December 18, 2007 | David F. Coppedge

Evolution: Demonstrated or Assumed?

Michael Behe wrote in The Edge of Evolution that Darwinists tend to forget the difference between what is assumed and what is demonstrated, and fall into the habit of attributing even the most elegant of biological features to evolution without demonstrating how it could be so (see quote, top right of this page).  Some examples are found in recent scientific papers and news reports.

  1. Knowledge is power of assumption:  Patrick Barry wrote for Science News about “energy-converting mitochondria or sunlight-absorbing chloroplasts, which are known to have evolved from ancient, independent-living bacteria that became incorporated into the cells.”
  2. Child’s play:  Since infants prefer Good Samaritans, this trait must have evolved, said Science Daily: “The presence of social evaluation so early in infancy suggests that assessing individuals by the nature of their interactions with others is central to processing the social world, both evolutionarily and developmentally,” the authors of a study proclaimed.
  3. Say it is so:  The author of a new book on vertebrate paleontology called Evolution In Action said this: “All creatures alive today are descended from a population of single-celled organisms that lived some billions of years ago.  Since the first animals appeared, millions of species have been born (the majority of which are now extinct), including our own, Homo sapiens.”  This was quoted authoritatively in Current Biology Dec 18, in a book review with the title, “No bones about it.”
  4. Scuttle fish:  Cuttlefish signalling can be quite elaborate, involving specialized light-emitting organs that display flashing lights in patterns.  Three scientists writing in Current Biology had an easy answer for where this ability came from: “Coleoid cephalopods, including cuttlefish, have a unique neurally controlled system for generating skin patterns, which evolved primarily for visual defence.”
  5. Columbine school:  Scott Hodges and Elena Kramer had a simple explanation for certain structures on columbines (a wildflower group): “What is unique about columbines, compared to their close relatives that have not gone through an adaptive radiation, is that they have evolved nectar spurs.”  The authors used the word evolution 10 times, never once explaining how it acted—only that it did; for instance, “Aquilegia’s flowers are also of particular utility and their features may help us to understand how novel morphological traits evolve….Developmental and genetic studies of these structures will help us understand how novelties evolve.”
  6. Evolution as goddess:  Did you know evolution can plan things and discover efficient ways of engineering codes?  A summary of the paper on RNA Polymerase II (see 12/17/2007, next entry) in Science Daily said this: “It would appear that, over the last 500 million years, other ways to produce highly complex organisms have evolved.  Evolution has simply found more efficient ways to use the genes already there.”
  7. Fly in the eye:  The following quote is notable for its admission that evidence is lacking for evolution, juxtaposed with certainty that it occurred.  David Weisblat, an expert on leeches at UC Berkeley, explained to Current Biology Dec 4 why leech study is important:

    The most compelling scientific justification for studying leech development is its relevance to understanding the evolution of animal body plans.  A priori, changes in animal body plans – morphology – must come about by changes, over the course of many millions of years, in the developmental processes by which they arise.  We now have a decent understanding of how a very few species, chiefly Drosophila, develop, but the ancestral species from which they evolved are by definition extinct, so we cannot make any retrospective comparisons.  Thinking prospectively, waiting to see significant morphological and underlying genomic/developmental changes is an exciting long-term possibility.  Unfortunately, that will require maintaining both human society and natural populations of the species of interest for the millions of years required for significant evolutionary changes to occur, a dicey proposition at best.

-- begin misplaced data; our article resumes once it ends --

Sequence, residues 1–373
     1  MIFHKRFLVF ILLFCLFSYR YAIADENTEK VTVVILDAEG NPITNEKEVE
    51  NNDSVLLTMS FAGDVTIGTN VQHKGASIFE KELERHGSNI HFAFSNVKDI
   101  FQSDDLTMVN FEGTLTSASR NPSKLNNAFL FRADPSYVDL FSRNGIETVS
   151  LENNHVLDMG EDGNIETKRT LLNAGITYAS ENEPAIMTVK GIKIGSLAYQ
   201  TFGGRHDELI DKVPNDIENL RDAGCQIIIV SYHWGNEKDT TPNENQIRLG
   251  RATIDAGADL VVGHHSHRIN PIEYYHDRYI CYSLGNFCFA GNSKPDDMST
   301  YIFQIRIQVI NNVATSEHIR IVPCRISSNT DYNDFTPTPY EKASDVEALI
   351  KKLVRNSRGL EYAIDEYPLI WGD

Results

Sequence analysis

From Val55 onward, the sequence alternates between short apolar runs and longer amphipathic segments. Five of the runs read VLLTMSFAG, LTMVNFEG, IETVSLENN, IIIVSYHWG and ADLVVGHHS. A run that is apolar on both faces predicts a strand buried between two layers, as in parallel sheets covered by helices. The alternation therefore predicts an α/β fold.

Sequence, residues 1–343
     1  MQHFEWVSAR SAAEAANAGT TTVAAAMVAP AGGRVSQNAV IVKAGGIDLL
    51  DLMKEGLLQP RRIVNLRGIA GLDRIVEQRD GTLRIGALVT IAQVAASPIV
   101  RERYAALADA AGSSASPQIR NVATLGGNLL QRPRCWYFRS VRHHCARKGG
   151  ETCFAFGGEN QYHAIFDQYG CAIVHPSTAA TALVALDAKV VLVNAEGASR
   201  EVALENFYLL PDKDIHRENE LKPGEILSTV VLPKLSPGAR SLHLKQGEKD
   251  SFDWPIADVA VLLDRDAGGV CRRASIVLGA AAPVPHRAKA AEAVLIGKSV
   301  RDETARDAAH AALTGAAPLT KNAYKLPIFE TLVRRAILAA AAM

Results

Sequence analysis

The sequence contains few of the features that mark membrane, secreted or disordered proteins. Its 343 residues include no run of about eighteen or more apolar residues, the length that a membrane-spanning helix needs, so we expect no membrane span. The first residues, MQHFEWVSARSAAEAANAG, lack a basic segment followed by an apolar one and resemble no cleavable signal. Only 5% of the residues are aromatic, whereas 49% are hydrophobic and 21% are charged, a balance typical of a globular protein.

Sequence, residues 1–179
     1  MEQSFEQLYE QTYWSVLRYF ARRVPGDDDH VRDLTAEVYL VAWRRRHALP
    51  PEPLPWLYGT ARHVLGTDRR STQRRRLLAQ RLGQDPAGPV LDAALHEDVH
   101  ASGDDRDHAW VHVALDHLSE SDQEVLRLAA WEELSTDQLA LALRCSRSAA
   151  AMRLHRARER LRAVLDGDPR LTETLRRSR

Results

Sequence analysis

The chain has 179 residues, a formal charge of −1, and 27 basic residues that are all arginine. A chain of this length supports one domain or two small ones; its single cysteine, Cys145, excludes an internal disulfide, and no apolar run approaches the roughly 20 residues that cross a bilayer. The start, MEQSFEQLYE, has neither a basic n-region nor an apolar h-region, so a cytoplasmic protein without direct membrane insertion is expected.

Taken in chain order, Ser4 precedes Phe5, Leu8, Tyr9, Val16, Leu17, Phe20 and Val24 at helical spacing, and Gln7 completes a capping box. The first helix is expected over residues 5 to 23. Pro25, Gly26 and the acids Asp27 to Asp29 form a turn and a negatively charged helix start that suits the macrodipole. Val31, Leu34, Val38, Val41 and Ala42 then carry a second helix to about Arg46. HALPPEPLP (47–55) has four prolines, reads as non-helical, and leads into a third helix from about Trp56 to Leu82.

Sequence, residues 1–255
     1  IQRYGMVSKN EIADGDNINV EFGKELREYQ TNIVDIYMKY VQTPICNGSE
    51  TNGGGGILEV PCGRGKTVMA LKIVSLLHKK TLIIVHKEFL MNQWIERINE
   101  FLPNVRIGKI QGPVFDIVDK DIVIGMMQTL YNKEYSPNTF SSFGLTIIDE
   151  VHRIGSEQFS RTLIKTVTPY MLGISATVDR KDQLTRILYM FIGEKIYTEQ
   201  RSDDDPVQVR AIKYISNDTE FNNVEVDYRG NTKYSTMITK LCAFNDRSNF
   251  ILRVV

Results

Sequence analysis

Perhaps Jerry Coyne and Hopi Hoekstra explained best why evolutionists can get away with such assertions that assume evolution rather than demonstrate it.  In a recent article in Current Biology (Volume 17, Issue 23, 4 December 2007, pages R1014-R1016), they said, “Evolution is a contingent process, dependent on the vagaries of the environment, history, and whatever mutations happen to appear.  Consequently, there are few strict ‘laws’ of evolution; ours is instead a science of generalizations.
    Maybe evolution is whatever an evolutionist wants it to be.  Even the prior point was not conceded by some scientists at New York University; they said, according to a press release on EurekAlert, that evolution is deterministic, not random.  Whatever evolution is, it sure explains a lot.  Maybe an undefined term like “abracadabra” would do just as well.

Charlietans, these Darwinists.  On the one hand they exclaim that evolution is the most clearly demonstrated scientific fact on Earth that only a fool (like a creationist) would deny.  Ask them for an example, and this is what you get: bald assertions that say little more than “it evolved because it evolved” or, “the way that it evolved is that it emerged millions of years ago, and after it arose, it evolved.”  If you love science, don’t let them get away with it.  Like Michael Jackson, they’re BAD (bald assertions of dogmatism).
    For more Darwin-assuming groaners, see the 08/24/2007 entry, “Evolution Takes Credit.”

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Categories: Marine Biology

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